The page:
If you’re looking for a Teacup, Toy, or Mini F1B Goldendoodle, expect to pay on the higher end of that range. On the other hand, F1B standard Goldendoodles will be a bit less expensive.
Other factors that influence how much your Goldendoodle will cost include your location, the reputation of the breeder, and if you choose to purchase a puppy from a breeder or adopt an adult from a Goldendoodle rescue or shelter.
Are F1B Goldendoodles Healthy?
In general, Goldendoodles are a very healthy breed and the F1B generation is no exception. However, you’ll want to keep an eye out as your Goldendoodle can experience health issues from both their Golden Retriever and Poodle sides.
Accidents and injuries can be expensive and as a responsible dog owner you want to be prepared for these costs well in advance. That’s why I encourage all Goldendoodle owners to invest in a pet insurance plan as early in your dog’s life as possible.
Are F1B Goldendoodles Hypoallergenic?
F1B Goldendoodles are NOT guaranteed to be hypoallergenic. However, the F1B generation has a decent chance of being allergy-friendly thanks to the higher percentage of Poodle DNA.
If you suffer from severe allergies, you may want to consider an F1BB Goldendoodle instead to have the best chance of being able to tolerate your pet. An even safer choice may be choosing a purebred Poodle or a doodle that is a mix of two hypoallergenic breeds such as the Schnoodle or the Poochon.
Do F1B Goldendoodles Shed?
F1B Goldendoodles are typically low-shedding, however they are NOT guaranteed to be completely non-shedding. This is because only one of the two parent breeds are non-shedding.
Thanks to the 75% DNA of the Poodle in this generation, you may get lucky and have an F1B puppy that is completely non-shedding. However, don’t bank on this being the case 100% of the time.
Are F1B Goldendoodles Curly?
F1B Goldendoodles will typically have a curly coat similar to that of a Poodle.
While this is convenient when it comes to being allergy-friendly and low-shedding, keep in mind the upkeep necessary.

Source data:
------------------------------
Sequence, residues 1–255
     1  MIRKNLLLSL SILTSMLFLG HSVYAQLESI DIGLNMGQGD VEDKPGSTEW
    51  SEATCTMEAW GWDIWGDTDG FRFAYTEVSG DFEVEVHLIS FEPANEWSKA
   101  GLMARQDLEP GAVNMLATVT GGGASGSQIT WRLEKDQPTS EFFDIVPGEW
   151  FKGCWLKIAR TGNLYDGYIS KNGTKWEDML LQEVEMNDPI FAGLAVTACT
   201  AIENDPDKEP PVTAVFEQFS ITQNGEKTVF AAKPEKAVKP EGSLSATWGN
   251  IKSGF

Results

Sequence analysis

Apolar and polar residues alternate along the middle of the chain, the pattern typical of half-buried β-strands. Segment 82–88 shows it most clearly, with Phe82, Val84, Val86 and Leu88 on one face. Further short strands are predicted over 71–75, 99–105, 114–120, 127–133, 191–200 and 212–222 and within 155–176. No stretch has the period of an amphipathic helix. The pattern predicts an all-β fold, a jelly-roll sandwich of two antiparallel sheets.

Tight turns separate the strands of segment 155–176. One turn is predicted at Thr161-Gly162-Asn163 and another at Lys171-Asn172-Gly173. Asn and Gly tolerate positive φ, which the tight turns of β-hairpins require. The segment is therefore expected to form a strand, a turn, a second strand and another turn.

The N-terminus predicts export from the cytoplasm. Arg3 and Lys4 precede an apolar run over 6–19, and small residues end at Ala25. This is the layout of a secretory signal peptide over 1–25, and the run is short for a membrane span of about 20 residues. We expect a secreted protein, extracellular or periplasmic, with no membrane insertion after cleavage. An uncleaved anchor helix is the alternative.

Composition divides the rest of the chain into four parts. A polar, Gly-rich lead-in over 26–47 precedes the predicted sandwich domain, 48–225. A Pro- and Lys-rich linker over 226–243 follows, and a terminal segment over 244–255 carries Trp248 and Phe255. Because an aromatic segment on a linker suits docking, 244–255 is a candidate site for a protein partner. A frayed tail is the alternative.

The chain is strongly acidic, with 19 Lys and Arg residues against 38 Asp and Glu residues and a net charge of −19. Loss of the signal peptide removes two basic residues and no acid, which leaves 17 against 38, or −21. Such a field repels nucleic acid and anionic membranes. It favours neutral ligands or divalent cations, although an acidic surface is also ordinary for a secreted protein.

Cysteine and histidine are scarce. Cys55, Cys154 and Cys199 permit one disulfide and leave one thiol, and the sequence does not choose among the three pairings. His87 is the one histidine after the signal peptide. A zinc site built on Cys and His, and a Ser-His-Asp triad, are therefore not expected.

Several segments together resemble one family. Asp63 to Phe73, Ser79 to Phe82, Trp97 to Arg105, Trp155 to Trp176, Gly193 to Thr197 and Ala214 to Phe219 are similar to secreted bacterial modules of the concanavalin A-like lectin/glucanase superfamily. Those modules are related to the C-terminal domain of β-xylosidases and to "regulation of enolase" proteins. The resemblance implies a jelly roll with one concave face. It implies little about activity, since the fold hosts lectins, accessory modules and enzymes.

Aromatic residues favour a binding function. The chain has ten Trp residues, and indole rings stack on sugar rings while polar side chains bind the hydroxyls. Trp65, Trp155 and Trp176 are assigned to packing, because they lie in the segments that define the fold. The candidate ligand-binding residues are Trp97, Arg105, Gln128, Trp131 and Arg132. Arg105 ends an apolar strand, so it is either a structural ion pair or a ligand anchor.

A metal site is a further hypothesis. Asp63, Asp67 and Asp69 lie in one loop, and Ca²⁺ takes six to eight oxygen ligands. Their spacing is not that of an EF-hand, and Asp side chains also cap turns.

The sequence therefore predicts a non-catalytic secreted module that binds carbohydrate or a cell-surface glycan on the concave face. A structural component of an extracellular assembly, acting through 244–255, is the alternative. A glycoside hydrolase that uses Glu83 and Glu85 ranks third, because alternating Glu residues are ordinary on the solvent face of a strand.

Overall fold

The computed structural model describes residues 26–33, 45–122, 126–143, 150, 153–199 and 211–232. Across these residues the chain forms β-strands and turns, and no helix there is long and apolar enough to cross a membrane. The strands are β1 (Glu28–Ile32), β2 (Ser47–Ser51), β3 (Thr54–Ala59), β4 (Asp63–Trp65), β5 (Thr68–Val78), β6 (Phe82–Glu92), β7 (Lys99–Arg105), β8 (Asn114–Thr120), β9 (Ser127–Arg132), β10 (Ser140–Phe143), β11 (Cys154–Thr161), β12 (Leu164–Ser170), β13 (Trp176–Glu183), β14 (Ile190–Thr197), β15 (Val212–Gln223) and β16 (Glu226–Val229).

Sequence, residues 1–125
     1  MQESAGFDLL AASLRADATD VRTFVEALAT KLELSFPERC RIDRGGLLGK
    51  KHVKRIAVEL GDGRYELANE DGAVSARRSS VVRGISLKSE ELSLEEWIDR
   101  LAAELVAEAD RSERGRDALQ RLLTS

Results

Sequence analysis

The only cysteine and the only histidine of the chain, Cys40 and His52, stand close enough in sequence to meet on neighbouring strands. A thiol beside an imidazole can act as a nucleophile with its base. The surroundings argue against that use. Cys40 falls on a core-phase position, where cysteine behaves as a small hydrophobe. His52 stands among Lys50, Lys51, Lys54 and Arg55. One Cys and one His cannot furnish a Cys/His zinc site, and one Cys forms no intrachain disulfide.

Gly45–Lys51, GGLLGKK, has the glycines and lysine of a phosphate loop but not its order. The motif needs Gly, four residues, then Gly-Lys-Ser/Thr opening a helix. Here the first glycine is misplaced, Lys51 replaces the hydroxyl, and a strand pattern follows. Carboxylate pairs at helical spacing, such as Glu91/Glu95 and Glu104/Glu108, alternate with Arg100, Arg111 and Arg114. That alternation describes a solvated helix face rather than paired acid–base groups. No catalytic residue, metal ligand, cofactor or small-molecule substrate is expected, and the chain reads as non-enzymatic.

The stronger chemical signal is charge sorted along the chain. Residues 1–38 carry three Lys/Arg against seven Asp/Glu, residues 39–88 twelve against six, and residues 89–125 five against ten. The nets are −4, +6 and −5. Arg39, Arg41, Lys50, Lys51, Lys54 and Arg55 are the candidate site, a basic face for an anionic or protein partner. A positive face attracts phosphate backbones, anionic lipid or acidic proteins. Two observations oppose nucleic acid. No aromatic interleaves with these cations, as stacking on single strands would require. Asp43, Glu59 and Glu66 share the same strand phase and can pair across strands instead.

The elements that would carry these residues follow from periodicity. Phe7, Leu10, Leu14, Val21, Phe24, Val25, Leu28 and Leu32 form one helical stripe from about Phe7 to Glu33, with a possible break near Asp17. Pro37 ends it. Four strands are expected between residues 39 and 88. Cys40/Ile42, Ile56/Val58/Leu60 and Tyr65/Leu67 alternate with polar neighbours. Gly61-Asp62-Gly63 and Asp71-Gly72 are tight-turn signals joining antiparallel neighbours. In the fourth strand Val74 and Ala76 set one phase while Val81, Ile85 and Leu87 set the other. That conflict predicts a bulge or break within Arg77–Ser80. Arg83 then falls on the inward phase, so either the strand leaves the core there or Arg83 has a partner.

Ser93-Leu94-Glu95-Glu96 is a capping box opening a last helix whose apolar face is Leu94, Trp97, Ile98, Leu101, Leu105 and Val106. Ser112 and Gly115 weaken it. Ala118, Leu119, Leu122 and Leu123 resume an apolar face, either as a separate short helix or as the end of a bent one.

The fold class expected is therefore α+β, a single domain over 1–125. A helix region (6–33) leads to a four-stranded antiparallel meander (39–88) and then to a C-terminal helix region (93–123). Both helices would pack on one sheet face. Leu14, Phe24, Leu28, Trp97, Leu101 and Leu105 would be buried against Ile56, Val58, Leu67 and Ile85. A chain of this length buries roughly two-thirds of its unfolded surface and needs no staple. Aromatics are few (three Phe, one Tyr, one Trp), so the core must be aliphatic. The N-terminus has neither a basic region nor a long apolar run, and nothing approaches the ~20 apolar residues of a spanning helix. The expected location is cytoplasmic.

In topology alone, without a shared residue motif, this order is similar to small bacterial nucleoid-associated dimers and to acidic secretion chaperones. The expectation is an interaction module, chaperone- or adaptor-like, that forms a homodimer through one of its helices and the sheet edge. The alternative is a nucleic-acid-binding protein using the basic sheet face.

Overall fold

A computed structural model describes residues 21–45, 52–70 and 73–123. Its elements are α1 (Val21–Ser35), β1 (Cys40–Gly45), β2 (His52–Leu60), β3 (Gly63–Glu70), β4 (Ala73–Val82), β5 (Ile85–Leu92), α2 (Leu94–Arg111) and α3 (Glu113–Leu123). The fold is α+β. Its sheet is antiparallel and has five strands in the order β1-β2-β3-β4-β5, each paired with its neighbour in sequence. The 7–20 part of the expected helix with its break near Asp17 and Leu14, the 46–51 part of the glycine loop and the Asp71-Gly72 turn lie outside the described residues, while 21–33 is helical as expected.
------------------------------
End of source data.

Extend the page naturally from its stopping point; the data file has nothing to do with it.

Brushing at least every other day will be necessary to prevent the hair of your Goldendoodle from becoming tangled or matted. You’ll also need to make regular haircut appointments at the grooming salon since your dog’s hair will grow constantly.
Here are some common haircut styles for Goldendoodles to use as inspiration…
How Long Do F1B Goldendoodles Live?
The average lifespan of an F1B Goldendoodle is 12.5 years.
While the additional DNA from the longer-living Poodle helps increase this, keep in mind that lifespan is primarily influenced by the size of your Goldendoodle.
Smaller sizes like the teacup, toy, and mini F1B Goldendoodles will typically live longer than F1 standard Goldendoodles will.
Where to Find F1B Goldendoodle Puppies for Sale
As they are one of the most common generations of Goldendoodles, F1B puppies should be easy to find at a local breeder. Keep in mind that there is a high demand for these dogs, so you may need to get added to a waitlist.
The most important thing is to look for the signs of a reputable breeder and avoid red flags that indicate you may be buying from a puppy mill or backyard breeder.
F1B Goldendoodles may also be available from local rescues and shelters. Click here to see our recommended Goldendoodle rescues to use as a starting point for your search.
One thing to keep in mind is that rescues may not always know the exact generation of a Goldendoodle, depending on how they were acquired.